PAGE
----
Online Program

Local public health information: Who wants to know what?

Wednesday, November 6, 2013 : 9:10 a.m. - 9:30 a.m.

Robert Goodspeed, PhD, Taubman College of Architecture and Urban Planning, University of Michigan, Ann Arbor, MI
Joshua Vogel, MPH, Office of Statistics and Evaluation, Bureau of Community Health Access and Prevention, Massachusetts Dept. of Public Health, Boston, MA
Mariana Arcaya, ScD, MCP, Public Health Division, Metropolitan Area Planning Council, Boston, MA
Timothy Reardon, MCP, Data Services Department, Metropolitan Area Planning Council, Boston, MA
James Buszkiewicz, MPH, Massachusetts Department of Public Health, Boston, MA
Wenjun Li, PhD, Health Statistics and Geography Lab, Division of Preventive and Behavioral Medicine, University of Massachusetts Medical School, Worcester, MA
Thomas G. Land, PhD, Office of the Commissioner, Massachusetts Department of Public Health, Boston, MA
Kate Ito, MS, Public Health Division, Metropolitan Area Planning Council, Boston, MA
As public health places greater emphasis on linking clinical and community settings, there will be growing need for local residents and policymakers to understand local public health outcomes and other contextual information. To meet this need, the Metropolitan Area Planning Council (MAPC) with advice from the Massachusetts Department of Public Health (MDPH) launched "Our Healthy Massachusetts" (OHM) a public website featuring health-related indicators, spatial data, data explorations, and qualitative data about local programs. This paper reports the result of a survey of users of the OHM website, investigating their motivations, background, and use of the information resources made available. Many of the features on the OHM website are powered by WEAVE (Web-based Analysis and Visualization Environment), a web-based open source data visualization software. All 351 communities in MA have an interactive map of local assets and/or partners in OHM. In addition, each has a listing of specific health programs, health profiles, and data stories. OHM ( launched in winter 2013. New features and functionality are planned throughout 2013. A survey instrument is being used to track the motivation and knowledge gained of visitors to OHM. Designed to serve a broad audience, OHM can identify specific user groups and their priorities. Drawing on research about knowledge use in the policymaking process, this paper identifies users seeking information for instrumental, conceptual, and symbolic use. The results can inform the design of new systems seeking to provide information to local public health policymakers.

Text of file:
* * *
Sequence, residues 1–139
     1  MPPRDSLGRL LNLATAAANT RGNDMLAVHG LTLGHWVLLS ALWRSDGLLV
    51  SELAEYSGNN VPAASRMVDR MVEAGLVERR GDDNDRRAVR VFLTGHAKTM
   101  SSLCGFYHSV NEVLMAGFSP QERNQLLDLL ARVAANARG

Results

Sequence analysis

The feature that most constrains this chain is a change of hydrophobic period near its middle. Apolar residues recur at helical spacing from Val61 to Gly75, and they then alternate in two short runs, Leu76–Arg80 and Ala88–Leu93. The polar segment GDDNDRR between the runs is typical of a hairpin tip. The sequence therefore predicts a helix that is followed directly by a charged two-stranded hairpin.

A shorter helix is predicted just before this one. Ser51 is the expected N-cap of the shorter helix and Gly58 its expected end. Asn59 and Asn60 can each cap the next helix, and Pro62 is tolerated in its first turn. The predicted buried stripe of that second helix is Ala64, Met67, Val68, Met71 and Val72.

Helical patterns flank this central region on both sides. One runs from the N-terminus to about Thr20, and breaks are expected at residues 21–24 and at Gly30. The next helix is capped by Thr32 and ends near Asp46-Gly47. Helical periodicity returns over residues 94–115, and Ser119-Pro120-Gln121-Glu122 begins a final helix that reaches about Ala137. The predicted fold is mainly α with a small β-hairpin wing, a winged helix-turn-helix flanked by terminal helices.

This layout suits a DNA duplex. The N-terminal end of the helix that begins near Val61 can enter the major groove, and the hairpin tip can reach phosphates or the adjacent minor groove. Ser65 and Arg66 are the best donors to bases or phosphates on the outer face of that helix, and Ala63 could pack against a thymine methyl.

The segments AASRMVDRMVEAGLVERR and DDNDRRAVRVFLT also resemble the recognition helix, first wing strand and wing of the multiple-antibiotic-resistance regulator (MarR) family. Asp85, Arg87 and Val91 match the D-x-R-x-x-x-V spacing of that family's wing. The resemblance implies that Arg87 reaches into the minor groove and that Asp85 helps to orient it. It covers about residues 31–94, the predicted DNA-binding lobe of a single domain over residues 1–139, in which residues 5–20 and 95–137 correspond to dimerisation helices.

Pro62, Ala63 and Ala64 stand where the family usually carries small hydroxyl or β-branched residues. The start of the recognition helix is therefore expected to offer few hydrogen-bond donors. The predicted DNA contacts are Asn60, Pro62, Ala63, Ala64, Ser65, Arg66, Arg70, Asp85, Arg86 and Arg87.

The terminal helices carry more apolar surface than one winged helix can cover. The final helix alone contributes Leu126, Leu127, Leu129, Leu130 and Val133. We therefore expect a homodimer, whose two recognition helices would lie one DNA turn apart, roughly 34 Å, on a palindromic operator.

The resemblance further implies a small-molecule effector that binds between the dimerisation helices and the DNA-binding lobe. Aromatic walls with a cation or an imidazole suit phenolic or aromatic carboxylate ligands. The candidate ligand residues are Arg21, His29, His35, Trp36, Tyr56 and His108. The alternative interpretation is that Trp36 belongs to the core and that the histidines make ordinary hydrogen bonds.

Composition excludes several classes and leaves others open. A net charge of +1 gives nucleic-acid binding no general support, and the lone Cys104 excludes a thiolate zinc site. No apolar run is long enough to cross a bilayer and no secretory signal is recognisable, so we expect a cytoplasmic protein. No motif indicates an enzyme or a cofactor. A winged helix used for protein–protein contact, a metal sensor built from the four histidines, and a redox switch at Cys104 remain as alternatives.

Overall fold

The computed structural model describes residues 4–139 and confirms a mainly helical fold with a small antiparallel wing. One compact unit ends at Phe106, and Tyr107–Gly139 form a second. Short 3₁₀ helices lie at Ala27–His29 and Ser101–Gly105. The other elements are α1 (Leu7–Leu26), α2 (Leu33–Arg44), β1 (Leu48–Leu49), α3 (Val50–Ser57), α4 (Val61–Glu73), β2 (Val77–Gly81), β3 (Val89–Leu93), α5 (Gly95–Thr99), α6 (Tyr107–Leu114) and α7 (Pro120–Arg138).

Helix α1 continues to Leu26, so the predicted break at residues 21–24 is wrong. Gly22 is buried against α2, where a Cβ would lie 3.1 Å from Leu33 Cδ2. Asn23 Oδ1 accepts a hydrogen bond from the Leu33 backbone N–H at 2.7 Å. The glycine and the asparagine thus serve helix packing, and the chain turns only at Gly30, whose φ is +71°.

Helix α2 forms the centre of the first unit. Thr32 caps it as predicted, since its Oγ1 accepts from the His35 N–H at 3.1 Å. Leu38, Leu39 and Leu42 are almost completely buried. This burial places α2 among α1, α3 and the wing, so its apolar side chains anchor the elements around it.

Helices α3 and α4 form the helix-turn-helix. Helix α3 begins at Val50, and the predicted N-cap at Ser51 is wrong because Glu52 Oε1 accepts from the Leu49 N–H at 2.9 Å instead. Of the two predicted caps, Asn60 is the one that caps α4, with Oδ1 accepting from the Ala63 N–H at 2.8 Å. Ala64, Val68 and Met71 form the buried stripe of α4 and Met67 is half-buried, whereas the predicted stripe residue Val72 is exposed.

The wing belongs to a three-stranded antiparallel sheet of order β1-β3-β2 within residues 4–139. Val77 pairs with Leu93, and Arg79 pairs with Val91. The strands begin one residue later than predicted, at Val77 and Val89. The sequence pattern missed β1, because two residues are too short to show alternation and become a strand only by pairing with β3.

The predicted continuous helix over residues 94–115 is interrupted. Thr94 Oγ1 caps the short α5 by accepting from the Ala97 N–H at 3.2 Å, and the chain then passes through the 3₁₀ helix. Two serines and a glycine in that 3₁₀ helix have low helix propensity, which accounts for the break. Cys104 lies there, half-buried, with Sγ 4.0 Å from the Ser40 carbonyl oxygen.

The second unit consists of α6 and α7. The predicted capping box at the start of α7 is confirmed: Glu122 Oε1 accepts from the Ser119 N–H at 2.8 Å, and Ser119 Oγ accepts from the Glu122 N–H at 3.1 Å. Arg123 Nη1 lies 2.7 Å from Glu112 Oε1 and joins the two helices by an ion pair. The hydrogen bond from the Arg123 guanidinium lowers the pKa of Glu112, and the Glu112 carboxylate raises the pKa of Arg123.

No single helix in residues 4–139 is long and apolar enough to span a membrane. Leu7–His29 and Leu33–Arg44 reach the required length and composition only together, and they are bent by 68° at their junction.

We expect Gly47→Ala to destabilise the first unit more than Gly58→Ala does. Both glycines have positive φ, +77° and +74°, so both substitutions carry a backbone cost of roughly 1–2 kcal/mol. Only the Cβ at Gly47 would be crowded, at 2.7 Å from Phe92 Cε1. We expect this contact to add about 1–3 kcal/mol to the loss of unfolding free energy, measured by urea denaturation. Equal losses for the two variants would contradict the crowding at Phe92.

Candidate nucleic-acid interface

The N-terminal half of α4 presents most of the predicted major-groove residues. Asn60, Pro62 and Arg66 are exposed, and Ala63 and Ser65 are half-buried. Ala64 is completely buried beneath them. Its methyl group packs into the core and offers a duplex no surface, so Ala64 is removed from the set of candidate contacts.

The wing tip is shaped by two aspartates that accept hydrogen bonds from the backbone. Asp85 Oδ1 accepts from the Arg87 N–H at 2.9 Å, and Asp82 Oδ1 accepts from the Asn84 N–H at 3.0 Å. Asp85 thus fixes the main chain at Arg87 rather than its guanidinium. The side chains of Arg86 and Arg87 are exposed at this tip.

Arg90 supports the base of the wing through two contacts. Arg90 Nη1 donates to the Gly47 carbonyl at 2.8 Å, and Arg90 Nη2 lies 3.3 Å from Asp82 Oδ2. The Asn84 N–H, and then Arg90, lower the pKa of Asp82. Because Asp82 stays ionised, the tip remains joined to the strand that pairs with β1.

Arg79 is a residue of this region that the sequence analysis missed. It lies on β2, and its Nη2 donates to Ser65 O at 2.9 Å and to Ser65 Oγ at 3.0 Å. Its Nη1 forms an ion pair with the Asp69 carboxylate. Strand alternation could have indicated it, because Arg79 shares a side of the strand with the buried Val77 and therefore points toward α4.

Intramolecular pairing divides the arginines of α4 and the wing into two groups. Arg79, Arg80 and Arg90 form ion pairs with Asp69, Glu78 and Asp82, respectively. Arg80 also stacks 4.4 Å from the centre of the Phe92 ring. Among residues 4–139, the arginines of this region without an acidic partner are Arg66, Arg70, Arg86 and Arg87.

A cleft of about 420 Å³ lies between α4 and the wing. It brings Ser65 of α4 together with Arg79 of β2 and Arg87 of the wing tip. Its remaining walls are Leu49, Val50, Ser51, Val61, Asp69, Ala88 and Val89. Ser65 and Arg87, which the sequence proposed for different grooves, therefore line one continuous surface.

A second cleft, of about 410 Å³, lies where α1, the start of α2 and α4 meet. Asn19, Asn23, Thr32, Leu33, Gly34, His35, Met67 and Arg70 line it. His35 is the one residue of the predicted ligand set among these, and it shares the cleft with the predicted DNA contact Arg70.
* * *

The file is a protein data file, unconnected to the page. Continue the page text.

Learning Areas:

Communication and informatics
Public health or related education
Social and behavioral sciences

Learning Objectives:
Describe the primary motivations of visitors to a public health information website Identify key public health data sought by local policymakers Describe web design principles to make public health data accessible to non-expert users

Keyword(s): Internet Tools, Geographic Information Systems

Presenting author's disclosure statement:

Qualified on the content I am responsible for because: I recently graduated with a PhD from the MIT Department of Urban Studies and Planning, focusing on spatial analysis, indicators, and technology for participatory planning. This paper will use research skills and theoretical knowledge from my doctoral experience. In addition, I have worked as a research analyst on several innovative data portals at the Metropolitan Area Planning Council, an agency with experience in conducting data analysis and public communication of quantitative and spatial data.
Any relevant financial relationships? No

I agree to comply with the American Public Health Association Conflict of Interest and Commercial Support Guidelines, and to disclose to the participants any off-label or experimental uses of a commercial product or service discussed in my presentation.